The announcement that two of the UK's largest operators--Orange and T-Mobile--could save around €4 billion by forming a 50:50 joint venture (or merger) illustrated that consolidation must now be on mobile operators' agenda in 2010 if they are to survive in an increasingly competitive European market.
The new UK company, as yet unnamed, is expected to generate revenues of €9.4 billion and EBITDA of €2.1 billion, lifting itself firmly into the #1 slot in the UK, and relegating Vodafone to the #3 position.
The leadership of the new company, which will have over 28 million customers, remains fudged by having Tom Alexander, currently CEO of Orange UK, as CEO and Richard Moat, currently CEO of T-Mobile UK, as COO. The two firms will operate separately for 18 months after which the new brand will be announced--hopefully not T-Orange.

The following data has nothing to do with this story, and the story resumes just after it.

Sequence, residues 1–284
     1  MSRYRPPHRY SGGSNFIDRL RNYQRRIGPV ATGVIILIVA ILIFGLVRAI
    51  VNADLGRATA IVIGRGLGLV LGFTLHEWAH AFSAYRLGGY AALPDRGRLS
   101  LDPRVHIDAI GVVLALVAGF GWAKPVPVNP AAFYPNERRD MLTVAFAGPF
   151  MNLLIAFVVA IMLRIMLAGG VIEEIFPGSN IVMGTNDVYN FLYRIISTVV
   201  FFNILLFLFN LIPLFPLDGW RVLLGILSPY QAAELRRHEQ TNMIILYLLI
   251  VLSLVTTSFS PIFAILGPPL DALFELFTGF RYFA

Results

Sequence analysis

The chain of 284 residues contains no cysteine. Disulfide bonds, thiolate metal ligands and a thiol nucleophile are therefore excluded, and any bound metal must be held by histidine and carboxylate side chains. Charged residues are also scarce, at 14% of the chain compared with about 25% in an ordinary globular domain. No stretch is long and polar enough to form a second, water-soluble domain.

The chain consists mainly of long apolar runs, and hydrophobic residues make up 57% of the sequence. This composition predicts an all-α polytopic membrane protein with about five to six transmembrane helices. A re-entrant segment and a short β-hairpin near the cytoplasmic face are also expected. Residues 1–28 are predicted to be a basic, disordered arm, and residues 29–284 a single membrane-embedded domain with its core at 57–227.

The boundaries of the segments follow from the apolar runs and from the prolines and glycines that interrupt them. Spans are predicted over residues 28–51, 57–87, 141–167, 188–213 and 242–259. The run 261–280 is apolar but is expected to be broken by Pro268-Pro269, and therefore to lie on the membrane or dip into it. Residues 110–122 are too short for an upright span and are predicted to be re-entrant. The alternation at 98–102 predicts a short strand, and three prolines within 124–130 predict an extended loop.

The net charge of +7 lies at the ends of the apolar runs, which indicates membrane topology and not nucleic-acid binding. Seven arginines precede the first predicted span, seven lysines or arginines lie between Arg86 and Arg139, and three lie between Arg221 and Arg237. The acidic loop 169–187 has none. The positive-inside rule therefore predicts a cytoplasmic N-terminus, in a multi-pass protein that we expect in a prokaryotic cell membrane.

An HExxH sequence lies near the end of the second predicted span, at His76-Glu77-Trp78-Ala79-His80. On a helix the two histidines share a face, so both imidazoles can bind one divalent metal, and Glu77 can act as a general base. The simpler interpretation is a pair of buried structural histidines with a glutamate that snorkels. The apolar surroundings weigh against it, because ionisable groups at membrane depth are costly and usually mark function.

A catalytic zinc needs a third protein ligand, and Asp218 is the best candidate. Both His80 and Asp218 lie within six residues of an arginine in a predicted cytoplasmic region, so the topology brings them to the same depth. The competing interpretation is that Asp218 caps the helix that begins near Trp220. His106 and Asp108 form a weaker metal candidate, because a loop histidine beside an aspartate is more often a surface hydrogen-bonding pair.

While regulatory issues appear to be surmountable, the potential costs savings have been criticised by some analysts as being based on some far-reaching assumptions. The merger statement claimed that the Opex savings of €490 million per year from 2014 onwards were dependent on up to €880 million in integration costs over the period from 2010 to 2014, which relate mainly to the decommissioning of mobile sites, the rationalisation of the network of retail stores and the streamlining of operations.
Also, the merging of two very large companies--with hugely different cultures--will be fraught with difficulties. German organisational abilities might conflict with Gallic flair to produce an indigestible main course.
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